better than the formal
financial sectors of most
developing countries.
Second, the poor were
willing and able to pay
interest rates that allowed
microfinance institutions
(MFIs) to cover their
costs.

1990s These two features


- high repayment and cost-
recovery interest rates -
permitted some MFIs to
achieve long-term
sustainability and reach
large numbers of clients.

Another flagship of the


microfinance movement is
the village banking unit
system of the Bank
Rakyat Indonesia (BRI),
the largest microfinance
institution in developing
countries. This state-
owned bank serves about
22 million microsavers
with autonomously
managed microbanks. The
microbanks of BRI are the
product of a successful
transformation by the state
of a state-owned
agricultural bank during
the mid-1980s.

The 1990s saw growing


enthusiasm for promoting
microfinance as a strategy
for poverty alleviation.
The microfinance sector
blossomed in many
countries, leading to
multiple financial services
firms serving the needs of
microentrepreneurs and
poor households. These
gains, however, tended to
concentrate in urban and
densely populated rural
areas.
The 1990s saw growing
enthusiasm for
promoting microfinance
as a strategy for poverty
alleviation. The
microfinance sector
blossomed in many
countries, leading to
multiple financial
services firms serving
the needs of
microentrepreneurs and
poor households.
It was not until the mid-
1990s that the term
"microcredit" began to be
replaced by a new term that
included not only credit, but
also savings and other
financial services.
"Microfinance" emerged as
the term of choice to refer
to a range of financial
services to the poor, that
included not only credit, but
also savings and other
services such as insurance
and money transfers.

ACCION helped found


BancoSol in 1992, the first
commercial bank in the
world dedicated solely to
microfinance. Today,
BancoSol offers its more
than 70,000 clients an
impressive range of
financial services including
savings accounts, credit
cards and housing loans -
products that just five years
ago were only accessible to
Bolivia's upper classes.
BancoSol is no longer
unique: more than 15
ACCION-affiliated
organizations are now
regulated financial
institutions.

Today, practitioners and


donors are increasingly
focusing on expanded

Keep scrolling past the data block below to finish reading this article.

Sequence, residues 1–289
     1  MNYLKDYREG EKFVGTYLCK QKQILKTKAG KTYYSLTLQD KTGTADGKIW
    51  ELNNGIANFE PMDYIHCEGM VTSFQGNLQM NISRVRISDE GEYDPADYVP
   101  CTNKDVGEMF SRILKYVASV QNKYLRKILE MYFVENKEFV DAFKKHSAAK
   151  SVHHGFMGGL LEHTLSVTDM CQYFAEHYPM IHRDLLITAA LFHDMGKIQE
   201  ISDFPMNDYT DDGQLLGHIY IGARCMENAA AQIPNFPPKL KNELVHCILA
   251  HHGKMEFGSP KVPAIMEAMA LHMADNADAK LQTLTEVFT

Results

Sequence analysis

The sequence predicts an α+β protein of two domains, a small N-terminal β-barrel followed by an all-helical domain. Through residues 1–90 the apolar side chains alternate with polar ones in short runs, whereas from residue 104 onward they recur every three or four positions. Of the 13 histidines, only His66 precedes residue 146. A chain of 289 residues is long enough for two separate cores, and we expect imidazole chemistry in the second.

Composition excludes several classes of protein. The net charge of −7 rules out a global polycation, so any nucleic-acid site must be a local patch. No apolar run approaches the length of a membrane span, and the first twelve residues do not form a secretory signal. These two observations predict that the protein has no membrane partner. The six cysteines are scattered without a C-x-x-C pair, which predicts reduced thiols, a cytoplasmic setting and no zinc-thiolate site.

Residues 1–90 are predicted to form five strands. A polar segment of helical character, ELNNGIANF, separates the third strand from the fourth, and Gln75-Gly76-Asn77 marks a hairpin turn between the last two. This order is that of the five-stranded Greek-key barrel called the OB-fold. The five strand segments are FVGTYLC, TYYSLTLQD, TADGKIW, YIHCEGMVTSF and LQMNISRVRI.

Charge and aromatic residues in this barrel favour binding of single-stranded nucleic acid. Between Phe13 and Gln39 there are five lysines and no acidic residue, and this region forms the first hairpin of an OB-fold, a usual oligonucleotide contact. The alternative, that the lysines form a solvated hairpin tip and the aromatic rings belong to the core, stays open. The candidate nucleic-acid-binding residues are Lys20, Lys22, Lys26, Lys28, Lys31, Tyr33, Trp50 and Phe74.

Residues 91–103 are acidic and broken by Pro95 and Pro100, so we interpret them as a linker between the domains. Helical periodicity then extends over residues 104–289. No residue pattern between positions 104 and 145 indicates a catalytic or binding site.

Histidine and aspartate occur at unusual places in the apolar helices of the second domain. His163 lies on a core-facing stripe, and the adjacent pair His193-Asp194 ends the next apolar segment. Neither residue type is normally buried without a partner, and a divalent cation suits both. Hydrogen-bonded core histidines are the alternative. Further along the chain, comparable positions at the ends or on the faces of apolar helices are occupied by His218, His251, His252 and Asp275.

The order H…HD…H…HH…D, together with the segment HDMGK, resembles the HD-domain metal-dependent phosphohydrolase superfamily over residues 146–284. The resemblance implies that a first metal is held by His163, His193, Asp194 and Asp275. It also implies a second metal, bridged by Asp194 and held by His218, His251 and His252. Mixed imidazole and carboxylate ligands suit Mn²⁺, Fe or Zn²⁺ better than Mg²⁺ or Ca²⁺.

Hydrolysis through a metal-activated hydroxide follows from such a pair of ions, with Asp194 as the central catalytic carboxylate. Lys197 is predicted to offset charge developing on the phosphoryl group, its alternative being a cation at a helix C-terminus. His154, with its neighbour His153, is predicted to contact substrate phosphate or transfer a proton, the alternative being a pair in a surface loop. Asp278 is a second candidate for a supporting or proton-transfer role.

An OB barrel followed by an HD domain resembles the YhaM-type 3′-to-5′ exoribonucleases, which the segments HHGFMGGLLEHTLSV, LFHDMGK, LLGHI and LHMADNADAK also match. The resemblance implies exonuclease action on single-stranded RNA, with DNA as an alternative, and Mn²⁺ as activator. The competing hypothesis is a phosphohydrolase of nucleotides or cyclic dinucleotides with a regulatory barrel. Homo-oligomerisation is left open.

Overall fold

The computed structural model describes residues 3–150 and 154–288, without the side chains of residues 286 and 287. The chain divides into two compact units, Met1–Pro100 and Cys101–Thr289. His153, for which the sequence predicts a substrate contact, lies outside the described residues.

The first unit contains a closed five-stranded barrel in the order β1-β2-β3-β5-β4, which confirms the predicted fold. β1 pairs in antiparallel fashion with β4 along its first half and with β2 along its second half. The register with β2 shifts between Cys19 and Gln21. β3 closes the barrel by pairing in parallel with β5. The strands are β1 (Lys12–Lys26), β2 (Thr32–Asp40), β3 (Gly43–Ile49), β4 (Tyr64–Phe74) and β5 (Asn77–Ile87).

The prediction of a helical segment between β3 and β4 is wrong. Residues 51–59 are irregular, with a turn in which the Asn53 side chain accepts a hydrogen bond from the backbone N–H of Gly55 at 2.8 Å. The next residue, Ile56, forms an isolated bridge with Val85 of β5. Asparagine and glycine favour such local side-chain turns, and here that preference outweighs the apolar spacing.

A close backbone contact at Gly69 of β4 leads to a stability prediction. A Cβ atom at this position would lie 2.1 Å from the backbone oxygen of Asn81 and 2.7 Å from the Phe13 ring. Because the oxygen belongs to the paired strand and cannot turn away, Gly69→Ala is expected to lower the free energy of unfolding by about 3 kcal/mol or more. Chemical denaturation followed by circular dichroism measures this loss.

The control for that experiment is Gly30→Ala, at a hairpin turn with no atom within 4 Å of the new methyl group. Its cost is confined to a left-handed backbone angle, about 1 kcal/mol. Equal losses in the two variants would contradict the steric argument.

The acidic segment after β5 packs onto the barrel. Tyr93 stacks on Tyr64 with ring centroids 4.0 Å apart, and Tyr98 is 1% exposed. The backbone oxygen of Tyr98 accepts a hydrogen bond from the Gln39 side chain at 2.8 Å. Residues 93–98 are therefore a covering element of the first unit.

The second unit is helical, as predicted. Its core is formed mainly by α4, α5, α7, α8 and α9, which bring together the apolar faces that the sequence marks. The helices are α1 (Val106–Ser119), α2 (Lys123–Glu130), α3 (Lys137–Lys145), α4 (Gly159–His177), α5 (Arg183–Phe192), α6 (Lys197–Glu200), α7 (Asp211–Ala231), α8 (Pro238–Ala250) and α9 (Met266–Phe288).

financial services to the
poor in frontier markets and
on the integration of
microfinance in financial
systems development. The
recent introduction by some
donors of the financial
systems approach in
microfinance - which
emphasizes favorable
policy environment and
institution-building - has
improved the overall
effectiveness of
microfinance interventions.
But numerous challenges
remain, especially in rural
and agricultural finance and
other frontier markets.
Today, the microfinance
industry and the greater
development community
share the view that
permanent poverty
reduction requires
addressing the multiple
dimensions of poverty. For
the international
community, this means
reaching specific
Millennium Development
Goals (MDGs) in
education, women's
empowerment, and health,
among others. For
microfinance, this means
viewing microfinance as an
essential element in any
country's financial system.

Examples of Recent
Innovations in Financial
Services for the Poor:

1. CCACN (Central de
Cooperativas de Ahorro y
Crédito Financieras de
Nicaragua) is marketing
its "Agriculture Salary"
savings product to farmers.
The goal of the product is to
smooth the flow of income
from the proceeds of an
annual or semi-annual
harvest. Each credit union
works with its farmers to
identify their individual
expenses and determine a
monthly "salary" (portion of
harvest proceeds on deposit
combined with an above-
market interest rate) to be
withdrawn from the credit
union. In its infancy stage,
the credit unions have noted
an interest from agriculture-
based clients in such a
savings management